Meeting President Gotabaya Rajapaksa today (17) at the Presidential Secretariat, United Nations Resident Coordinator Hanna Singer responded positively to his commitment to sustainable development. The discussions among other concerns included poverty alleviation, climate control, digitizing government offices, addressing missing persons and better management of refugees.
“Poverty alleviation is my main concern,” said President Rajapaksa.
As an immediate remedial action, he explained that his administration has opened up 100,000 jobs for the most marginalized communities in Sri Lanka. It is for the poorest of poor, who are either landless or lacking in any qualifications, skill or money to start up on their own. These would be unskilled jobs, but with necessary programs to train the youth after employment. The objective is to provide a steady income to this economically challenged sector by recruiting at least one member from each family.
Further to this program, another initiative to provide these families with dry rations at concessionary rates has also started, said the President.
Education is the other area of concern, noted the President. Free education existed in Sri Lanka even before Independence. However, due to lack of capacity at the secondary and especially at the tertiary levels bottlenecks have arisen. As a result, though nearly half of those who sit for Advanced Level exams qualify for university entrants, only a fraction gains admission.
As Sri Lanka has an exam based education system, every child studies hard to get through these exams. However, when they are unable to, they do not know the other options they can pursue. Therefore, steps are being taken to introduce skill based subjects from grade seven onwards. Those who do not gain entrance for university will then be encouraged to follow vocational or technical courses.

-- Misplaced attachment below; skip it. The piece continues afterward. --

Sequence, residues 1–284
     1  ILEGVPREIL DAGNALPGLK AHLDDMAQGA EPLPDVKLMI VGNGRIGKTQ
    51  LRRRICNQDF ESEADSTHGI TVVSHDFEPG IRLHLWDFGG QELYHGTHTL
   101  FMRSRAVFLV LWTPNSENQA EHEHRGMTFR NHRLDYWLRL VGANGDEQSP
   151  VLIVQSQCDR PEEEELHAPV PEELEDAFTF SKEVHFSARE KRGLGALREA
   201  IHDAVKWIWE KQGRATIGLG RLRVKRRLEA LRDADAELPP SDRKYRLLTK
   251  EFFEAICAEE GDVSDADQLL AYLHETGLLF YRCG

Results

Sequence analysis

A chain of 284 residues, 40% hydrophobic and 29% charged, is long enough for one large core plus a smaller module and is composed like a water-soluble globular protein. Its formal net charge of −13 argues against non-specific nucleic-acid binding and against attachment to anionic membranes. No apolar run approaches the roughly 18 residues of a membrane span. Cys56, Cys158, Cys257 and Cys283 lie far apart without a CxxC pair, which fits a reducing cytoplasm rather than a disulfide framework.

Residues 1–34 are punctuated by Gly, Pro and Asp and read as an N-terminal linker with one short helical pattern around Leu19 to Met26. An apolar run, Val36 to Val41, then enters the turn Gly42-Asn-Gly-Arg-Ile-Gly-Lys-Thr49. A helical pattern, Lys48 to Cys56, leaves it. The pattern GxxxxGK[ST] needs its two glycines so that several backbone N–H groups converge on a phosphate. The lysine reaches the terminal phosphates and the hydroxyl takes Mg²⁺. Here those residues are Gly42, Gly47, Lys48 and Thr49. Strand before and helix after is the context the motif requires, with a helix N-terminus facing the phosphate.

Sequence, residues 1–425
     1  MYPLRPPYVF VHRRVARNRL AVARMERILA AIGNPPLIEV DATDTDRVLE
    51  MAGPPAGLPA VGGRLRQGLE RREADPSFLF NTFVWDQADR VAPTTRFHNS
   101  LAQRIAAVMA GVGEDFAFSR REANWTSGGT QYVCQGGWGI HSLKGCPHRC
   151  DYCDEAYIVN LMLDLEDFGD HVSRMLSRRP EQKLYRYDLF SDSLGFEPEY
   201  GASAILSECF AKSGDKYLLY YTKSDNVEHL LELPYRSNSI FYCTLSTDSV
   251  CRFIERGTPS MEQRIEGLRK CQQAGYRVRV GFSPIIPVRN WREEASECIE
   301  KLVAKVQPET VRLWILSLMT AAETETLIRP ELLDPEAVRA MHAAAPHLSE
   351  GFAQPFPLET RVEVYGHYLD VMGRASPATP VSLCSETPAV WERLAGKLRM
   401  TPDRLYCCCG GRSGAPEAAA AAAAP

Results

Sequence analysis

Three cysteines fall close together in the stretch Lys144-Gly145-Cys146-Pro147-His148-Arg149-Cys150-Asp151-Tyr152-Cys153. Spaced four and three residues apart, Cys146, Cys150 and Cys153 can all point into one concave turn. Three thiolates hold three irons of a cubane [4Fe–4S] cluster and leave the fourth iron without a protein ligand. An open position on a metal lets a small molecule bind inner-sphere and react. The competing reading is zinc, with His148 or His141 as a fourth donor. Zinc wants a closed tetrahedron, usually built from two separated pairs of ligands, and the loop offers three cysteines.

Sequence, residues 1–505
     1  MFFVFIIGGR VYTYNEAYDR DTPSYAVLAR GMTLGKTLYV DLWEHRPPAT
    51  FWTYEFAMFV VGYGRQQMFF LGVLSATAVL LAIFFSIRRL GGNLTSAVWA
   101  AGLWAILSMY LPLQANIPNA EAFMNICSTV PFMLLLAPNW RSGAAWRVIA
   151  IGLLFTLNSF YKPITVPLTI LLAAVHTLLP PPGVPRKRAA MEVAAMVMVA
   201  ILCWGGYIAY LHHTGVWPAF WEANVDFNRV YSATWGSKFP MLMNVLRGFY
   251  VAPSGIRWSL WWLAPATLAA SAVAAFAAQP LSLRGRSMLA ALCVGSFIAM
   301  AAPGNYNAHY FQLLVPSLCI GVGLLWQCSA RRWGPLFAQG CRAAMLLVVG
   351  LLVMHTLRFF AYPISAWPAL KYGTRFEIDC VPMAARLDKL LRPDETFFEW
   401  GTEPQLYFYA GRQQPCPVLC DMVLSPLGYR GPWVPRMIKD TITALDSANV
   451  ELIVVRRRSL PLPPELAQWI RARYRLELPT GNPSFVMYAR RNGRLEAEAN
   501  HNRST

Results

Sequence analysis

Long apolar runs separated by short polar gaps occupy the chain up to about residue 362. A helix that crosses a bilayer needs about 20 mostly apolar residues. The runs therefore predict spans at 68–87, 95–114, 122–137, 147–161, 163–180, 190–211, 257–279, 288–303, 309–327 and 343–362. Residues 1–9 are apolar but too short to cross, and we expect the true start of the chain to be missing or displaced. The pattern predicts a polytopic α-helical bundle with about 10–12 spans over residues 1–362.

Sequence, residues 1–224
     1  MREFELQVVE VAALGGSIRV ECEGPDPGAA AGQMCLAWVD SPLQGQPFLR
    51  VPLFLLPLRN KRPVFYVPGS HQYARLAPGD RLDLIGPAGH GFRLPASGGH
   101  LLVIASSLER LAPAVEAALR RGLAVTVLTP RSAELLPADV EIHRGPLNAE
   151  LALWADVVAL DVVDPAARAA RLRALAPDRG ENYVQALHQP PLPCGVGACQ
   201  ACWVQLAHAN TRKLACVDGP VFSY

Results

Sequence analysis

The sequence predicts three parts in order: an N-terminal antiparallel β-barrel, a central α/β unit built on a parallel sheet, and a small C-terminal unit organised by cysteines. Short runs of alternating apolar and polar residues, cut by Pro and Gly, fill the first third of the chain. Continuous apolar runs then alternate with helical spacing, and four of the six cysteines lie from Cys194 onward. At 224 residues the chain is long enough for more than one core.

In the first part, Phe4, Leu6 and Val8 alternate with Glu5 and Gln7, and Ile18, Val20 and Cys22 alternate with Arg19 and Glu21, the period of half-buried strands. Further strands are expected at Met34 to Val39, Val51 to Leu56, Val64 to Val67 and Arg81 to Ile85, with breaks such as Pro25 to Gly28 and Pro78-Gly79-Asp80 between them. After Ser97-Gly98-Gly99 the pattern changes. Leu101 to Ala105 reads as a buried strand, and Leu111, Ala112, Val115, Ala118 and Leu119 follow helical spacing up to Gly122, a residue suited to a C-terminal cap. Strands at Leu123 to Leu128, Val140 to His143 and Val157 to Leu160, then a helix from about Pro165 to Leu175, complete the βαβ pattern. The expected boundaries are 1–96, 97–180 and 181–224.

Currently, the science paper is deliberately designed to fail students. This will be changed to allow more students to pass in science subjects and to direct them to technical colleges, explained President Rajapaksa.
Ms Singer promised to connect the relevant UN agencies to help the Government of Sri Lanka in this regard and especially in technology transfer.
Speaking on measures to control climate change, President Rajapaksa outlined a number of programs already initiated. The youth is especially keen in this regard he noted. Clearing forests had been a longstanding issue by rural area farmers. The issue was further exacerbated when rain catchment areas were cleared for tea plantations. Though an effort was made in the late ‘70s to redress the problem, most unfortunately the trees that were planted were Cyprus and pine. This was a very wrong decision as these trees do not allow grass to grow beneath, leading to soil erosion, observed President.
On the subject of digitizing, President explained that to the ICTA a most capable team from chairman onwards has been appointed. The Ministry Secretaries had been directed to work with the ICTA so that the digitizing process is done in a coordinated manner, explained President. Again Ms Singer promised to help the Government by connecting with the relevant UN agencies and experts.
President Rajapaksa outlined his plans to address the issue of missing persons. He explained that these missing persons are actually dead. Most of them had been taken by the LTTE or forcefully conscripted. The families of the missing attest to it. However, they do not know what has become of them and so claim them to be missing.
After the necessary investigations, President said that steps would be taken to issue a death certificate to these missing persons. Afterwards their families would be given the support they need to continue with their lives. Tamil politicians would reject this solution, noted the President, as that would nullify their political agenda. However, this would help the affected families.